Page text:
How To Use Google Meet In Your Classroom
by TeachThought Staff
Google Meet has recently become popular during in light of the shift to remote teaching and learning.
While there have been some challenges to overcome, I am now thinking about how it might fit into our district for both students and staff, especially in light of Zoom, Microsoft Teams, and other alternatives to Zoom long-term after remote teaching is no longer the standard.
See also The Definition Of Asynchronous Learning
There is something in me (maybe it’s my English teacher background) that prefers the flexibility to share ideas in more than 280 characters. I’ve obviously gotten around it as a Twitter user, but I find myself frustrated by that limitation more often than I feel freed by it.
I wish I was better about blogging regularly, but it’s challenging to carve out time. Google Meet seems to be a great middle-ground for me. I can share more than 280 characters, interact in threaded conversations, share screens, schedule 1-on-1 video calls, and more. But, beyond that, how can this be used in our K-12 environment?
Enter Google Meet. I made it a personal goal to test out Google Meet during the 2nd semester, and I managed to squeeze in 4 in the last two weeks, all with positive results. So far, Google Meet could prove useful in the following situations.
10 Ways To Use Google Meet In Your Classroom
Online Collaborative Google Meetings
I had a conversation with other colleagues about where we are headed with changing Learning Management Systems. We talked for almost an hour, and normally, we would have met face to face. I can honestly say that Google Meeting together online yielded a rich discussion and collaboration. All of us felt like it was an effective way to work together, and I don’t think that Google Meeting face to face would have resulted in anything better.
I held a ‘make-up’ session for folks who missed a Google Meeting. This could have been accomplished using screencasting software, and I still might do that for Google Meeting make-ups, but having the option for folks to ask questions (even via the chat window) and record to YouTube has potential. Timing is pretty key, so I think this could have been even better had I chosen a different time for the Google Meet. And, I need to work more with the YouTube process.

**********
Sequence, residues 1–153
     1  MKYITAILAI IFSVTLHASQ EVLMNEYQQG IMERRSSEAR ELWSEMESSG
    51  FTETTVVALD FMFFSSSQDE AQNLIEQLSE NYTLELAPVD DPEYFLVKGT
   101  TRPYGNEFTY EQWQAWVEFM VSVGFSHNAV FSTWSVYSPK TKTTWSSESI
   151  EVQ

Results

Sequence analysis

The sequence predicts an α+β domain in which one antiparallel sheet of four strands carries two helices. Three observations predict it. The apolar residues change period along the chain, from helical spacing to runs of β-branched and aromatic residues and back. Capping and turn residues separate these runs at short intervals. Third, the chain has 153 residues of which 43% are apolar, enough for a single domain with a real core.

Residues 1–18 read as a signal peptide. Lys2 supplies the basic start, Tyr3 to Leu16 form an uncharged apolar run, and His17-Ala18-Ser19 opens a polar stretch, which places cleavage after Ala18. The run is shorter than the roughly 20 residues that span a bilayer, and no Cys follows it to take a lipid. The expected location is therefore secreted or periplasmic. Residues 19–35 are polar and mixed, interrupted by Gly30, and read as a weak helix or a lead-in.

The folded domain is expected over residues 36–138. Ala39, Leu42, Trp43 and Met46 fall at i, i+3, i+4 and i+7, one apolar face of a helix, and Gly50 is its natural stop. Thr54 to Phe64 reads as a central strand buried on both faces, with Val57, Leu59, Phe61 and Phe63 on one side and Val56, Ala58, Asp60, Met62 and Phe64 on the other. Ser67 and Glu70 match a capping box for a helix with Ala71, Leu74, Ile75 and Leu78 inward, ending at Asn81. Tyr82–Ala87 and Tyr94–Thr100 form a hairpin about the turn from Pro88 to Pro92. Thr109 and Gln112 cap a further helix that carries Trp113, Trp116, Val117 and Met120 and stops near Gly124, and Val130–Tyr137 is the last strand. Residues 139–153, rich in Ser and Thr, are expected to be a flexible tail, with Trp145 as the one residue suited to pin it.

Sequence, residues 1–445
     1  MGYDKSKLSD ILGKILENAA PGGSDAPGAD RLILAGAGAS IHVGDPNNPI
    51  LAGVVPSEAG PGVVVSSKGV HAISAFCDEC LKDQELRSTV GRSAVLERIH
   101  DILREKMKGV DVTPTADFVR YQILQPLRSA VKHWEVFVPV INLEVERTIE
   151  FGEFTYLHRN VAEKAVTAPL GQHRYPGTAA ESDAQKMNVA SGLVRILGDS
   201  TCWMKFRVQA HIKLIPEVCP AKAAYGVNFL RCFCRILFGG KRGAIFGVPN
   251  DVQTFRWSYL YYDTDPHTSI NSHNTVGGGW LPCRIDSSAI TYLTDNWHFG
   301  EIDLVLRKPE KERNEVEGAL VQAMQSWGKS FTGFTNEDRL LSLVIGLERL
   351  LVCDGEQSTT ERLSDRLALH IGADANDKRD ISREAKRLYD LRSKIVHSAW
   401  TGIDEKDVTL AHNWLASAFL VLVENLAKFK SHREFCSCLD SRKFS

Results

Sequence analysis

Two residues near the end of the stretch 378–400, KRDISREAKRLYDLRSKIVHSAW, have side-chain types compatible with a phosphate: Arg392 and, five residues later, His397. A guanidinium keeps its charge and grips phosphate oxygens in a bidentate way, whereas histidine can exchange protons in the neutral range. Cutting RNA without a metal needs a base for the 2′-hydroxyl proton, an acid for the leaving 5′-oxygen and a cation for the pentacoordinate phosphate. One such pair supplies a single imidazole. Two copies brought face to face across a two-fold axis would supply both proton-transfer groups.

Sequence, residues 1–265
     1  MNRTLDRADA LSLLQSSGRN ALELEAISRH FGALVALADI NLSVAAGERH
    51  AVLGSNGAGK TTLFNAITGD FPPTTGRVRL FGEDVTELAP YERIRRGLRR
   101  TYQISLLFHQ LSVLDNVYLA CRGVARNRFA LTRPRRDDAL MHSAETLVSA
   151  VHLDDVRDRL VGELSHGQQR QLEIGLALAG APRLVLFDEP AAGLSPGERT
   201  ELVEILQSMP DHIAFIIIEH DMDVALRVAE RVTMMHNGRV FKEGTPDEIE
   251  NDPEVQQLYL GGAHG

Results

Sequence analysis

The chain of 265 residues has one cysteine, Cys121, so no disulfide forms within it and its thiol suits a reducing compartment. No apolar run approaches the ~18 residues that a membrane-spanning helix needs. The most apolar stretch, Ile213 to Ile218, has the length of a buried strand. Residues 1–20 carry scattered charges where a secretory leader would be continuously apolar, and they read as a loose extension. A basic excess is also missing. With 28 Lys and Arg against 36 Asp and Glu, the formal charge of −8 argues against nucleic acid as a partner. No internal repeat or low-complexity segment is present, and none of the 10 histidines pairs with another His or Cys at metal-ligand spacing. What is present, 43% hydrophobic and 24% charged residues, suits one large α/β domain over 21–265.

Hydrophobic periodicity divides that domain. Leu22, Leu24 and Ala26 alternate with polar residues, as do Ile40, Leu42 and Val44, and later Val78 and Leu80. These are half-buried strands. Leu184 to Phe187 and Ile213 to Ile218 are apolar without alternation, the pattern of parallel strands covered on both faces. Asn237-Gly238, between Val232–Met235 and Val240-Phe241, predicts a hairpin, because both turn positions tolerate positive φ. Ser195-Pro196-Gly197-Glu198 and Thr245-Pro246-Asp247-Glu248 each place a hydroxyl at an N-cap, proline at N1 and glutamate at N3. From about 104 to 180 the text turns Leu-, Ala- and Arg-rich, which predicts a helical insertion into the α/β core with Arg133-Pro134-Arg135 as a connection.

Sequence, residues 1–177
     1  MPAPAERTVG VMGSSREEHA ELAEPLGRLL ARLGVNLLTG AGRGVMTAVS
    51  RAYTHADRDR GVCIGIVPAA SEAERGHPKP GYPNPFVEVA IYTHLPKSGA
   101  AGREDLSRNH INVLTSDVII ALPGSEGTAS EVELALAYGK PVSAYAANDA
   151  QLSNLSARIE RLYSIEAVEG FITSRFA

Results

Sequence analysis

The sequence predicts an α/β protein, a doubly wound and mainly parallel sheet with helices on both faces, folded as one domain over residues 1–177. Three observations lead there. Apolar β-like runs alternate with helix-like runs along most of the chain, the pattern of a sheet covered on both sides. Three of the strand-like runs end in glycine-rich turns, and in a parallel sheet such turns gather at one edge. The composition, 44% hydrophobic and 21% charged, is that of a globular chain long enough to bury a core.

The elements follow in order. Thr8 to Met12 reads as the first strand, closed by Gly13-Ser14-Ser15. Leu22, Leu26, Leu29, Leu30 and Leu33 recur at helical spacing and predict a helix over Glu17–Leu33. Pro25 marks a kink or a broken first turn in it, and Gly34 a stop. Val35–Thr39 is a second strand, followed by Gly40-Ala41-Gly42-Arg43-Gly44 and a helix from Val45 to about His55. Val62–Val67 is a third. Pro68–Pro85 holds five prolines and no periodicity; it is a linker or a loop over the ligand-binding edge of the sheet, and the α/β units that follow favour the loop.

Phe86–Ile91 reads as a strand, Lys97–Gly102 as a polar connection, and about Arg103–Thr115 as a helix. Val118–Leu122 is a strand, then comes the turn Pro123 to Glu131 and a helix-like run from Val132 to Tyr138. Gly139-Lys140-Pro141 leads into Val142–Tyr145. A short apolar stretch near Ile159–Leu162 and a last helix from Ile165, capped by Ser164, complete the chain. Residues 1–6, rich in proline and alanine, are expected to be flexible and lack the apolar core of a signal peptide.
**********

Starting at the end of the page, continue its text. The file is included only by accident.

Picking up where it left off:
I had a quick Google Meet with a colleague recently to try to troubleshoot how to use our Google Apps control panel for Chromebooks at a school level. This is one situation where being able to screen share was critical. We happened to be online at the same time, and we started a Google Meet in seconds and were able to work through the issue.
I had the opportunity to speak with a college class remotely using a Google Meet. The one snag I encountered was some audio feedback (likely due to the speakers in the classroom). But, I was able to ‘co-speak’ with a colleague and it worked remarkably well. We adjusted to the delays due to feedback, but being able to bring in other voices into a lesson has incredible potential.
I have a colleague at one of our high schools who (unfortunately) had to take some leave time to take care of some family health issues. Because the course she teaches is an AP course, being gone caused some stress at this point in the semester. However, she was able to work with the school technology coordinator to teach the class remotely. The tech coordinator set up a Google Meet with her class, and she was able to teach the course despite being geographically away from the building.